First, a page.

News Pix: Giants in the World Series, Occupy Oakland Celebrates Anniversary, Earthquakes Break Ground and More
Frank and Leticia Romo’s shrine to their son Sergio’s baseball career in his childhood bedroom in Brawley, California. About 25,000 people live in this farm town, out in the desert scrubland. Main Street is a dusty arcade of shuttered stores. Unemployment is over 30 percent, among the highest in the state. There’s no big college, no stadium. But the town has sent a bumper crop of 21 players to the major and minor leagues. (Marcus Teply/KQED)
Screenprints flutter in the breeze at Frank Ogawa Plaza as people gather on October 25th for a march and protest marking one year since the Occupy Oakland encampment was raided by police. (Andrew Stelzer/KQED) Occupy Oakland marchers stare down Oakland police officers at Washington and 8th streets on Oct. 25, 2012. (Don Clyde/KQED)
When the door opened at West County Detention Facility for Tamisha Walker, she was alone. No one was there to pick her up. Three years later, Tamisha Walker is advocating for what she knows first-hand: reintegrating into the community after spending time in jail. She’s a founding member of the Safe Return Project, a group that is speaking up for reentry in Richmond. (Julie Brown/Richmond Confidential)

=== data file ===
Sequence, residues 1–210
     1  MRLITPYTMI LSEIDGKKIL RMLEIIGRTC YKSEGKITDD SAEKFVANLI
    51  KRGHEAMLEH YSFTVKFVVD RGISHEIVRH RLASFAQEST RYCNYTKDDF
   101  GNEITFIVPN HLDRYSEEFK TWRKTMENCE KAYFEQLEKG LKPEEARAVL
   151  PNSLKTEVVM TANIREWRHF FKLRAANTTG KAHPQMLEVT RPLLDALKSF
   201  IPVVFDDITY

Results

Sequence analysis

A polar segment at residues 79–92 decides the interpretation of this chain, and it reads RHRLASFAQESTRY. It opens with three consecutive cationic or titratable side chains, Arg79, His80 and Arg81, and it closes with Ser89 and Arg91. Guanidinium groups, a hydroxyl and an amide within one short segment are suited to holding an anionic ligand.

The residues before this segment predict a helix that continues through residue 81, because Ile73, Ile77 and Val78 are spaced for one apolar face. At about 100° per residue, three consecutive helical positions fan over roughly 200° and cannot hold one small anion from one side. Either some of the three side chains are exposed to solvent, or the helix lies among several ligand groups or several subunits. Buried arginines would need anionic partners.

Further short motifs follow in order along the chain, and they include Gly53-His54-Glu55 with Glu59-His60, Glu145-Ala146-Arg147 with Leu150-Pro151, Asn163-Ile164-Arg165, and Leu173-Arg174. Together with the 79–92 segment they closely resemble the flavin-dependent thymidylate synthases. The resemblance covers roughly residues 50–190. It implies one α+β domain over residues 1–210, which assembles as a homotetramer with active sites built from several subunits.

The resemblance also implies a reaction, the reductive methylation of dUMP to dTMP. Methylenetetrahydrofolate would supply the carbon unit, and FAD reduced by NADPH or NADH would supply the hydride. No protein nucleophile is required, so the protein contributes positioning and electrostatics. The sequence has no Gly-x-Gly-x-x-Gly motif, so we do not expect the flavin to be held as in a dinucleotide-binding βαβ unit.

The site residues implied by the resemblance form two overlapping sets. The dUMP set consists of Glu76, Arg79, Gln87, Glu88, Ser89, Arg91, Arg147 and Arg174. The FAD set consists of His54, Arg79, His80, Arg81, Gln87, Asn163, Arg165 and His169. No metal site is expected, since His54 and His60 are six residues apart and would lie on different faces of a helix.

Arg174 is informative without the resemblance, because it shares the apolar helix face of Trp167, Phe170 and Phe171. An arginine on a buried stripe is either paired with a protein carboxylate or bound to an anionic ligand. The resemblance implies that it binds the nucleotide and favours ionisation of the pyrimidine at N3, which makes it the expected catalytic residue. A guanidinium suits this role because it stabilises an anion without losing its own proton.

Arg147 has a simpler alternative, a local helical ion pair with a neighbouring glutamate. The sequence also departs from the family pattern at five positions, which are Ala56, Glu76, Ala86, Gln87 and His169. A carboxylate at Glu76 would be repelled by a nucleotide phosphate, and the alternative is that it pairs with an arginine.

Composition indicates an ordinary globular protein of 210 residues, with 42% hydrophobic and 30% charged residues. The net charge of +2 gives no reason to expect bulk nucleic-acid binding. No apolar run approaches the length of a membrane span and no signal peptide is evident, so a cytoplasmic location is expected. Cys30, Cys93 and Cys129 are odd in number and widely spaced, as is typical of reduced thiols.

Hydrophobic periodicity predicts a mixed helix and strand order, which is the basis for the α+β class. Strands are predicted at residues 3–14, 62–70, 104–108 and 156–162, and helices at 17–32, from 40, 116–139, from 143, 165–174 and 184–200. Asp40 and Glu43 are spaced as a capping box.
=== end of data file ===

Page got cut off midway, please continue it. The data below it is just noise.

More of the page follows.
A homeless man amid his belongings in the alleyway where he lives in Berkeley. (Anna Vignet /San Francisco Public Press)
This photo is part of a photo essay on homelessness entitled “Architecture of Homelessness.” The photographer’s statement on the project is included below.
Initiatives to help San Francisco’s homeless find shelter, jobs or medical treatment remain controversial. One recent law, the “sit-lie” ordinance, made it illegal to sit or lie down on city sidewalks. Some homeless people say this law takes away their right to dwell freely — essentially the right to be alive. How does one build a place of one’s own in a city where other opportunities are not available? We all have the need to create a sense of home, even in extreme circumstances. In these photos, the lines between public and private, urban and domestic, blur. They reveal the architecture of homelessness, and contribute to the understanding of a displaced people who make their own spaces.